“It is the community that has changed and the industry needs to keep up with the times.”

Aside from technology, operators should look outside the box when it comes to changing up their offers for different audiences.

Star Pubs & Bars managing director Lawson Mountstevens says all-day trading works if operators have the demand for it, plus a flexible space and facilities and staff to deliver it.

However, he warns that it is not the solution for all pubs and urges licensees to look at the competition in the area, to take note of how offers can be improved to make them better than competitors.

He adds: “Look at your business plan to see the impact increased overheads such as extra staff costs would make to your bottom line.”

The pubco provides a workshop for licensees to attend in a bid to help them with running their businesses prior to taking over a pub.

The Innside Knowledge workshop is a five-day residential programme where attendees learn how making changes to their offer impacts their business plan.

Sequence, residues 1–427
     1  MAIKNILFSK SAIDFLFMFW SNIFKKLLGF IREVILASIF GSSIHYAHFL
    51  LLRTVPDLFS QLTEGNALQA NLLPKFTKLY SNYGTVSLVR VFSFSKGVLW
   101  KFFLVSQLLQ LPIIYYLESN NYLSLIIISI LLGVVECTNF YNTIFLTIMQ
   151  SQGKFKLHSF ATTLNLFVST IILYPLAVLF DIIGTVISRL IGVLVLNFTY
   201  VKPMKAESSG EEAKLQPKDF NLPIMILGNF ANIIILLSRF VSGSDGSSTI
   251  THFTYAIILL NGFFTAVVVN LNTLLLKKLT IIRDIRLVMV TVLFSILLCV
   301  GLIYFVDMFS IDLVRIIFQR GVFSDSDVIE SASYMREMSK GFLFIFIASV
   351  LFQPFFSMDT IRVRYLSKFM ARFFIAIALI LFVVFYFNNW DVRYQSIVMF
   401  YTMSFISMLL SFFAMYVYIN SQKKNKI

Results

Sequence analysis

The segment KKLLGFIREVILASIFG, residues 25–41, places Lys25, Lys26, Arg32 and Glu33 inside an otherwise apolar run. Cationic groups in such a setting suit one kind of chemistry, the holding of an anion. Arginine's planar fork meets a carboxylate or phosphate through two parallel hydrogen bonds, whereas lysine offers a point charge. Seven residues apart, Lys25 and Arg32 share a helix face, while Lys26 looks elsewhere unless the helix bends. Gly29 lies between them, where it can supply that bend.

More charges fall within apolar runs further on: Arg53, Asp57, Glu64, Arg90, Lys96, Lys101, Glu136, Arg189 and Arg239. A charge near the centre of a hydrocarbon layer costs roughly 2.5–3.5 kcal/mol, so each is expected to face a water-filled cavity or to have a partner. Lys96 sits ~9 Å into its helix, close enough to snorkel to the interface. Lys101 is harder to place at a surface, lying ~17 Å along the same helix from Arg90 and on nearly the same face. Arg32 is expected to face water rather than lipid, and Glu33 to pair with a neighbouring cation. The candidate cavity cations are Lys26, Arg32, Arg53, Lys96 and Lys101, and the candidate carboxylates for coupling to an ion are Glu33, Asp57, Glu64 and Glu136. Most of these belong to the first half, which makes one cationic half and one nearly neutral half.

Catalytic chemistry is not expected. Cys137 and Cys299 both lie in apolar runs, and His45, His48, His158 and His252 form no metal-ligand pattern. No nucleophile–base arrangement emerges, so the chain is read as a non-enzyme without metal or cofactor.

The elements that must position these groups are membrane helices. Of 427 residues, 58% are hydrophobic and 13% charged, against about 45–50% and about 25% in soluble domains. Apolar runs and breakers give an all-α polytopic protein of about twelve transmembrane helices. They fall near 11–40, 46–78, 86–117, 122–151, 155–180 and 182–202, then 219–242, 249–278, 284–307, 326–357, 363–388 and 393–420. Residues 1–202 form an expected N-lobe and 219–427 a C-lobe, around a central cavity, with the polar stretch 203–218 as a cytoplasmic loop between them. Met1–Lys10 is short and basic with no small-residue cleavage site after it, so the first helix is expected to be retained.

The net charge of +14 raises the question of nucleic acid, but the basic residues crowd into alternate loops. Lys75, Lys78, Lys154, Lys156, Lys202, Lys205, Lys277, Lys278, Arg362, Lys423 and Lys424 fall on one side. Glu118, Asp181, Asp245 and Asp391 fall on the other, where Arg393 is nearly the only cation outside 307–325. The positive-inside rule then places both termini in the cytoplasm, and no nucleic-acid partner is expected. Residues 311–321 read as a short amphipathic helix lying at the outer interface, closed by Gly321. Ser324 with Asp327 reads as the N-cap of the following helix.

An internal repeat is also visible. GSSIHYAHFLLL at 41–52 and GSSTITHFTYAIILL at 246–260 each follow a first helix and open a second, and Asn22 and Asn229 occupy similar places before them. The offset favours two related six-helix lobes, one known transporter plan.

Mountstevens advises: “Review your space. If you have got areas that aren’t needed during the day, can they be made more flexible and screened off for new uses at quieter times of day?

“These semi-private spaces appeal to a wide range of customer groups and can be used for everything from functions and business meetings to community group get-togethers and coffee mornings or play areas.”

The pub group boss also gives tips on how to pair daytime food and drink to enhance a pub’s offer.

He says: “Excellent coffee is essential for an all-day offer and should be accompanied by tea and snacks such as pastries and sandwiches to attract the coffee morning market and groups wanting a meeting place.”

A meeting place

Using the pub as a meeting place is an area that operators should be more aware of, says online booking portal MeetingsInn, which has been set up in response to the number of pubs closing daily in the UK.

The business identifies a large proportion of pubs and inns which have the potential to tap into the lucrative meetings market by utilising underused space within their venues.

The company’s management team each have more than 25 years of expertise in the brewing and events industry, and managing director Andrew Winterburn explains that the concept was born when “one of the directors was in a pub one day and saw all these rooms not being utilised. There were all these nice meeting rooms in pubs that weren’t being utilised in the daytime at all.”